We adhere to the principle of diplomacy for the people and spare no effort to safeguard the safety and interests of overseas Chinese, students, and enterprises in Spain. The embassy is always concerned about the situation and difficulties of more than 200,000 overseas Chinese and students in Spain. Since March, the WeChat official account and the official website of the embassy have released more than 60 messages to remind people to be vigilant against the pandemic situation, make good personal protection and recommend remote medical advice. The embassy has also set up a hotline for consular protection, patiently responding to thousands of calls and letters every day, calming the nervousness of Chinese nationals in Spain, guiding the medical treatment process, and following up the treatment situation. (China Daily, April 8, 2020)

The excerpt above offers another speculative solution to address pervasive racism: calling on Chinese diplomatic missions in other countries to safeguard Chinese individuals overseas. The extract emphasizes that China cares about its people who reside in Western countries, including Spain.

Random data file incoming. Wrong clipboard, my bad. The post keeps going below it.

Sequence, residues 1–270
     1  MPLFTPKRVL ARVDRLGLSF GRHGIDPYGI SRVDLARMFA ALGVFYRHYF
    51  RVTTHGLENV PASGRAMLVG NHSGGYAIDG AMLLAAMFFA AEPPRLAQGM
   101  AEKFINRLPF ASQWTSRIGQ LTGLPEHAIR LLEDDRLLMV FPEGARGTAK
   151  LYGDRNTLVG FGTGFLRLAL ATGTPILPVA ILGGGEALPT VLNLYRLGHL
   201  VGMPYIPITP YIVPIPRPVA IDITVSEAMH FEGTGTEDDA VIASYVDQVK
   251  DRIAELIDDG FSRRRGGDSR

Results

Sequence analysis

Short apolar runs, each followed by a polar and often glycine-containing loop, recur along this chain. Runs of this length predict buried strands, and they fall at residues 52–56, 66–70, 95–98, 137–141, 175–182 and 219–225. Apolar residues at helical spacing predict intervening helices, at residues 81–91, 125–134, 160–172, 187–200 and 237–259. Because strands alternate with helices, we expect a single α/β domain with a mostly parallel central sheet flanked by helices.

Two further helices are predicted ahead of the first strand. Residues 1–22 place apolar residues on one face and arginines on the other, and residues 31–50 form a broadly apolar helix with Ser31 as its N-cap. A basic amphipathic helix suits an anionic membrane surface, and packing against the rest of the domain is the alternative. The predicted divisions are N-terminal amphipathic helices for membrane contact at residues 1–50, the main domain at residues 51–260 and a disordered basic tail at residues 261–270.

China Daily’s coverage prominently reported concerns about the security of Chinese citizens abroad. Initiatives such as “hotlines” releasing more than “60 messages to remind people to be vigilant against the pandemic situation” on social media app WeChat and the embassy website reflect the problems Chinese residents in many countries were facing. The embassy’s emphasis on its response to regular calls and letters from those with “nervousness” further reveals the severity of the problem. Previous pandemics informed us that “racism during global emergencies is not altogether new” (Elias et al., 2021, p. 784). For instance, the 1900 plague epidemic, which originated in San Francisco’s Chinatown, was labelled an “Oriental disease, peculiar to rice eaters” (Cohn, 2018, p. 470). The following excerpt suggests an ongoing struggle with entrenched anti-Asian racism.